Thus, to the question “what interworld for my soul?” Ostad Elahi responds that the interworld is a mirror in which “everyone sees their own form”. Everyone will then have a tailor-made interworld, reflecting for them what they have capitalized and what they have become. Our level of well-being or suffering and whether or not we will be aware of specific Truths only depend on us: on the Truths we strive to assimilate and the virtues we try to cultivate here on Earth.

Further readings

Worlds and interworlds: revelation or rational hypothesis?

This article is a follow-up on a comment related to the Worlds and interworlds section of the article Ostad Elahi’s thought in 7 points. The question went thus: if our approach to spirituality is to be rational, where should we stand on the issue of worlds and the interworld? [read more]

Worlds, interworlds and successive lives Worlds, interworlds and successive lives

It is a function of true understanding to bring back together the dispersed parts of a whole in a coherent context where they become meaningful. Our earthly life is a case in point. As a brief stage in the course of a long and complex journey, it should be carefully reassessed according to this pattern. [read more]

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  1. K. Shahroozi Jun 13, 2016 7:04 pm 1

    A very instructive article. It certainly makes one think twice before talking, acting, and more importantly, think about one’s intention. Thank you.

    1. Lisa Jun 15, 2016 4:49 am 1.1

      Reading this article is certainly a reminder of how we can take care of our thoughts that will then determine our actions, intentions, words and deeds. I am always thankful for such reminders.

  2. Holly Jun 16, 2016 2:06 am 2

    Thank you for the above article. It is truly both awakening and scary yet hopeful! Why scary, because it made me remember and realize the importance of intentions, the importance of positive thoughts and how easy it is to gain spiritual provisions but also to lose them.
    There is one thing I still don’t fully understand: according to Ostad Elahi, can our soul acquire new knowledge in the intermediate world? Or do we simply reside there, in conditions that depend on our spiritual deeds, after we depart from earthly life and until we are positioned in a permanent home or returned to Earth for further learning?
    Are we able to continue perfecting our soul in the intermediate world or not ?
    I would be grateful if others could help me understand the above better.

    1. Merdy Jun 17, 2016 4:33 am 2.1

      Dear Holly,

      The description of this lecture on sound reason (http://www.e-ostadelahi.com/eoe-en/sound-reason-excerpt-no-3-of-a-lecture-by-b-elahi-md/) explains that according to Professor Bahram Elahi, “we are like pupils: our life on earth should be used to obtain the ‘certificates of primary and secondary education’ that will then allow us to go through the higher stages of our process of perfection.”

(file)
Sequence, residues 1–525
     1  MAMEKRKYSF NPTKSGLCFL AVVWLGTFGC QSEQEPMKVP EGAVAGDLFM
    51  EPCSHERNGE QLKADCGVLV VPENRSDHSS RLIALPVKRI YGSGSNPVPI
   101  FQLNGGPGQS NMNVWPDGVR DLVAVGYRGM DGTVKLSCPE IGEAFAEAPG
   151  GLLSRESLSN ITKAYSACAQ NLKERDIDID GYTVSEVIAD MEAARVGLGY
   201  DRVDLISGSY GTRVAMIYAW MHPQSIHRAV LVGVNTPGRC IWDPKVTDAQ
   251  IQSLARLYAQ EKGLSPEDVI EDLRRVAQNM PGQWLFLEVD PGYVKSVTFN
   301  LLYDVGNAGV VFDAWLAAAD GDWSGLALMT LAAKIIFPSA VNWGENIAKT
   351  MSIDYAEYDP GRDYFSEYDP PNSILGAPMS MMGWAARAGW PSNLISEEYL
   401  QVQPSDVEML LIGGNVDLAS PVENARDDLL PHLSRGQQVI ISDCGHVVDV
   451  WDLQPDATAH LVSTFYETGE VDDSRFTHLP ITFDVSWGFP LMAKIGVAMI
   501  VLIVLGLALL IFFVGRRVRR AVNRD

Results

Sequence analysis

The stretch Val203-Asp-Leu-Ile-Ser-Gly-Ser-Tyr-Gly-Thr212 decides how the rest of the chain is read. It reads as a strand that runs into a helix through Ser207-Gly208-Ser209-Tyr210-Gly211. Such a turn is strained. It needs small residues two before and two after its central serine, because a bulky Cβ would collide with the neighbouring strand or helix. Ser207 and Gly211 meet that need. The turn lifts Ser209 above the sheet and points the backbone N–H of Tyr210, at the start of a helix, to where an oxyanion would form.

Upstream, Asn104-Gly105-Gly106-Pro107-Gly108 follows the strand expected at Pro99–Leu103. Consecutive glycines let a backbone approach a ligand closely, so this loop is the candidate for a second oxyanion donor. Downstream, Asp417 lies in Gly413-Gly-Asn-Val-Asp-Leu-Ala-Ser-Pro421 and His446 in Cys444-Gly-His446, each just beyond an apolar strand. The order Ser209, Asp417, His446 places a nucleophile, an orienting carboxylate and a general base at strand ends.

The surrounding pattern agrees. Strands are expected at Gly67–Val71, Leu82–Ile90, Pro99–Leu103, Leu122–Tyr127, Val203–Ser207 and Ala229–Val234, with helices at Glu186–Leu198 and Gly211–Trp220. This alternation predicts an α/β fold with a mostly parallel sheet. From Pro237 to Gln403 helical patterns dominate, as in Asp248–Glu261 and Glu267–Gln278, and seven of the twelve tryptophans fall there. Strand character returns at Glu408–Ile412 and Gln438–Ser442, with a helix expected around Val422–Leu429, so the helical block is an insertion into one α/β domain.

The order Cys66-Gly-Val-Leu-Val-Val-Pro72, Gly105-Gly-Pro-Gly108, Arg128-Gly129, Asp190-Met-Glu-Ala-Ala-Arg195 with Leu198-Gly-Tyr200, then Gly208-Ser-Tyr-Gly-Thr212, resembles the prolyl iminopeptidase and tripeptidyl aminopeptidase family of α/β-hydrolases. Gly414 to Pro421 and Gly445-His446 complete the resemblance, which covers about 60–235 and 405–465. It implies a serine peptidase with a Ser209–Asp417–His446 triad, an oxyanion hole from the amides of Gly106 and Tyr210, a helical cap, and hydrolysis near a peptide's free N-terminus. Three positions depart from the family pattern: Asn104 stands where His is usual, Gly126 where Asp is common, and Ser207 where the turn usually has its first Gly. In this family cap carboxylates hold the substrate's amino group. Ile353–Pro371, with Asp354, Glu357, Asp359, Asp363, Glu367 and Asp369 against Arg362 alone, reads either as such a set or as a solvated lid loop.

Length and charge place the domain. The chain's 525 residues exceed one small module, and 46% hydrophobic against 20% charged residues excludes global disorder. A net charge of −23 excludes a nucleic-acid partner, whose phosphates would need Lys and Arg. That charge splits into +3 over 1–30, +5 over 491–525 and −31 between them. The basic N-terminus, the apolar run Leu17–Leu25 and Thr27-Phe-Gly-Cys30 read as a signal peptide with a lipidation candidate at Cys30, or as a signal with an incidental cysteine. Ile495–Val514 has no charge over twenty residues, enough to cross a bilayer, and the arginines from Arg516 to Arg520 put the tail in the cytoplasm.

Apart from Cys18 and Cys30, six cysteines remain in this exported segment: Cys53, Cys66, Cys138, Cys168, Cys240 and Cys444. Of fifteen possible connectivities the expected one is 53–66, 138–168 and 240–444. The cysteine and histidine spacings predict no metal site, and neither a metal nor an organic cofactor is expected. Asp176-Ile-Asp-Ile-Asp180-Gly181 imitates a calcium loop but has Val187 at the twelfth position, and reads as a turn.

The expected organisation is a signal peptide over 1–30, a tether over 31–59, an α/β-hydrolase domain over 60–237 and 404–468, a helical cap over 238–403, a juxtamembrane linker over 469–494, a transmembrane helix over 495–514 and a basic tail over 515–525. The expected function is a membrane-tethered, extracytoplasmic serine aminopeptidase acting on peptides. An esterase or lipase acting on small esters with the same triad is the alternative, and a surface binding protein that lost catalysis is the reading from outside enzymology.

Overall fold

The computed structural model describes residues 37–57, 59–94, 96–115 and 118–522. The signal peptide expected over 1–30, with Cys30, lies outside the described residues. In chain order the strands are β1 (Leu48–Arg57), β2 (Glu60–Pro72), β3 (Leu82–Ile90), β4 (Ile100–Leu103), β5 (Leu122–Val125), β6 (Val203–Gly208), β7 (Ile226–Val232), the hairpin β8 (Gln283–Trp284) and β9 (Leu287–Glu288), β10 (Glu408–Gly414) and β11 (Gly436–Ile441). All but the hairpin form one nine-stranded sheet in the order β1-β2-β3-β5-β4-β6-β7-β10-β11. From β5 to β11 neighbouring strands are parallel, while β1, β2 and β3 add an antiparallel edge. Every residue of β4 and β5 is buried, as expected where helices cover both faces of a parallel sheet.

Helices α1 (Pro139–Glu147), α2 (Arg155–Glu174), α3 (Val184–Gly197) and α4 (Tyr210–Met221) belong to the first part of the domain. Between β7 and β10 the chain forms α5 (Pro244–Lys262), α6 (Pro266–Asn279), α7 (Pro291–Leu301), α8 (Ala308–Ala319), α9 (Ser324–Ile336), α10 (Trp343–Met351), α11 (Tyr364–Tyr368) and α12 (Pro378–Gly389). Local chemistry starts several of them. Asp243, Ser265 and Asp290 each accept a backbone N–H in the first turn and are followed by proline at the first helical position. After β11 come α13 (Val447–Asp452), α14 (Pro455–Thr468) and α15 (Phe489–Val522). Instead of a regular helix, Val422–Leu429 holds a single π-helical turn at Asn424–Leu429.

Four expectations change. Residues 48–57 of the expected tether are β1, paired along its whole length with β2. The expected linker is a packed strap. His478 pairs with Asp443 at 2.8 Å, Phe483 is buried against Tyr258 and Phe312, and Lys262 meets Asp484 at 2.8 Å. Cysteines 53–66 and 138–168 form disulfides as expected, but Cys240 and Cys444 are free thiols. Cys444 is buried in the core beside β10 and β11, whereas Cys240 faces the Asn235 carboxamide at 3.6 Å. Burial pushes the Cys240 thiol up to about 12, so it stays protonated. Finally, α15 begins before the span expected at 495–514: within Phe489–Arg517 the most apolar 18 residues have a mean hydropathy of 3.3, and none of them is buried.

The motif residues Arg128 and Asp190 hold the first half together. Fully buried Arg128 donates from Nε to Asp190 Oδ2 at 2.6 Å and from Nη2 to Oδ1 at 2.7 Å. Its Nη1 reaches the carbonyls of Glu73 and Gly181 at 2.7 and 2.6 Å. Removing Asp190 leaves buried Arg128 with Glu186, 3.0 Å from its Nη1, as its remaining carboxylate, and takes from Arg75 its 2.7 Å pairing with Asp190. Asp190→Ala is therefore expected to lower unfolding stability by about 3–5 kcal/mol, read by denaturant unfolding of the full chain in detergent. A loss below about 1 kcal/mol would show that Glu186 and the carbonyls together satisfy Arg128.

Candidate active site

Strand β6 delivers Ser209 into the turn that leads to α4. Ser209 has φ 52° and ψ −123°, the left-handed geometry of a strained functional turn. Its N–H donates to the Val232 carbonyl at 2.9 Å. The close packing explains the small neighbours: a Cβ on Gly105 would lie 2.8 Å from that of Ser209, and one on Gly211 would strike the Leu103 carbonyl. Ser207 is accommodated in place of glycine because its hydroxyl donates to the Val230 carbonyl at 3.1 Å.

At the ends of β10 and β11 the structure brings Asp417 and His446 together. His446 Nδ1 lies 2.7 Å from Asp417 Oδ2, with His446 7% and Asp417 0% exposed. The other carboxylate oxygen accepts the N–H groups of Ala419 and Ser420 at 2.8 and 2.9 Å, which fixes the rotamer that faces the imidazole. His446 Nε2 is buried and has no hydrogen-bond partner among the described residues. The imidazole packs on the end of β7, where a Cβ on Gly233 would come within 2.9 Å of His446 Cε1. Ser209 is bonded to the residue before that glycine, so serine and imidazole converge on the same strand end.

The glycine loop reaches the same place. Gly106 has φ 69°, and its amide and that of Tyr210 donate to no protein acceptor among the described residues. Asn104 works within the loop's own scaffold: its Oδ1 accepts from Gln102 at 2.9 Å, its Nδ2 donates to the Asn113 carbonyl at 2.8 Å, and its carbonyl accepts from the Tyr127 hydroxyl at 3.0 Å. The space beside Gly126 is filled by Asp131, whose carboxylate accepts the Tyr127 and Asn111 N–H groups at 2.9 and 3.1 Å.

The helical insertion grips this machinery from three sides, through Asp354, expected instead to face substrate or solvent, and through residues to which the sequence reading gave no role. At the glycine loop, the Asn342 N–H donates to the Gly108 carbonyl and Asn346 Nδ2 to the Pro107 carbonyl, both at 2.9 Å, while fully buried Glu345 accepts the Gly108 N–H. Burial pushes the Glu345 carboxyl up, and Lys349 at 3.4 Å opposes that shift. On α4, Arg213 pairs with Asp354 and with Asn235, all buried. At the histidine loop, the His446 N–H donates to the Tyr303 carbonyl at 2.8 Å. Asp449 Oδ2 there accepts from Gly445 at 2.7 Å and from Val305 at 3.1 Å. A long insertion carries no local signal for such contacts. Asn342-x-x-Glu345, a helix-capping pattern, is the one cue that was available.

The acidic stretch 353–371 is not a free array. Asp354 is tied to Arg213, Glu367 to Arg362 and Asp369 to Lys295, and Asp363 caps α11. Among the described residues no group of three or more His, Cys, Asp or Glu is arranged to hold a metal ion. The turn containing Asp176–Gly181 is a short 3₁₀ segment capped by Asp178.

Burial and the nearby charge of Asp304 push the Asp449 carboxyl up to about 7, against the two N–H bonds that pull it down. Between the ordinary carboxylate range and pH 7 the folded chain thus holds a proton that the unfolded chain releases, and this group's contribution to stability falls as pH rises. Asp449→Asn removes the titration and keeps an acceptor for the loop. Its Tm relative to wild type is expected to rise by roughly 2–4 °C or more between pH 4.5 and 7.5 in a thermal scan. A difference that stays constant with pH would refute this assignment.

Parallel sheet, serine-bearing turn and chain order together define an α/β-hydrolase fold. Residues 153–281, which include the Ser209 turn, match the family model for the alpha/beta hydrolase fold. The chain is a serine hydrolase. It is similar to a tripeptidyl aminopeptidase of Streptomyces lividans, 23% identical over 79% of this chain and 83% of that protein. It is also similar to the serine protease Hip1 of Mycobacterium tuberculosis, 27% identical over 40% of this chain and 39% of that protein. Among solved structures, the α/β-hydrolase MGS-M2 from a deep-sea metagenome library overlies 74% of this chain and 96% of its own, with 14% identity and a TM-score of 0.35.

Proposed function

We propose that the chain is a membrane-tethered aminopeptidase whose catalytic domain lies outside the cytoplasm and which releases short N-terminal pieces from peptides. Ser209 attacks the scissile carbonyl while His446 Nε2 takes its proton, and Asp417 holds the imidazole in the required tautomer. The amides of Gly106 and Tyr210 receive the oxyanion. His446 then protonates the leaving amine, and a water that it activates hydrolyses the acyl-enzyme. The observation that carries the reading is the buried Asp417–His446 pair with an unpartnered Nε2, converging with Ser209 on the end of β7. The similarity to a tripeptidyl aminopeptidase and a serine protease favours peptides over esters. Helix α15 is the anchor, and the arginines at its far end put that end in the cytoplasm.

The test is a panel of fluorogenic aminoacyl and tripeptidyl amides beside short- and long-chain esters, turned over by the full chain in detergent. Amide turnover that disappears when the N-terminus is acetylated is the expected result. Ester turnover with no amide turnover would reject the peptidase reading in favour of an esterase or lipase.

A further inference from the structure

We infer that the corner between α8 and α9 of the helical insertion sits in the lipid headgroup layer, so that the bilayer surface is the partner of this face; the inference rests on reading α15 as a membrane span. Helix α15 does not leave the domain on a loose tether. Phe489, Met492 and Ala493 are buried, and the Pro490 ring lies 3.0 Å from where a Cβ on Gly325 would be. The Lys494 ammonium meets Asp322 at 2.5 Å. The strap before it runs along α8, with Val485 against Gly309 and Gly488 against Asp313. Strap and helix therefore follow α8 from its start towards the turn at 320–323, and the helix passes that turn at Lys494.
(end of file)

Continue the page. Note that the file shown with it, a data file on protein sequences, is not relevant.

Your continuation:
So, from what I understand, we are able to continue perfecting our soul in the intermediate world but we should obtain the “certificates of primary and secondary education” to be able to understand what we can learn there. Otherwise, we have to come back to earth. I believe this is explained in more details in The Path of Perfection by Prof. Bahram Elahi.


    2. adissam Jun 18, 2016 11:38 pm 2.2

      This article about the “interworld” may help in answering your question (http://www.e-ostadelahi.com/eoe-en/interworld/)
      I think it gives a good overview of what is developed in Pr. B. Elahi’s work.

      The book “Knowing the Spirit” has been another great reference for me. Ostad Elahi explains in more details what is meant by the “intermediate world” according to the proponents of the process of spiritual perfection.
      Here is an excerpt I’ve found online:

  3. A. Jun 16, 2016 4:58 am 3

    Over the years I have come to realize that the only purpose in life is the progress of the soul towards perfection, and that everything that happens to me is aimed at this goal. When you look at the way things pan out, you can always tell (in hindsight), that it is useful to the soul’s process of perfection. Oftentimes, I have seen events take strange/unexpected turns, against all odds. With hindsight, I was able to interpret these chains of events as optimal for my progress, i.e to get rid of some flaws and understand some truths: for instance, for many years I have been unable to move up in the hierarchy in the company I work for until I became indifferent to titles/honors and I understood that they had no value.
    This article really helps understanding why spiritual progress is so important and it clarifies Ostad Elahi’s sentence where he says that the interworld is a mirror in which “everyone sees their own form”. It really helps to accept that everything that happens, though it may taste bitter, leads to a sweet result, because it contributes to the soul’s process of perfection.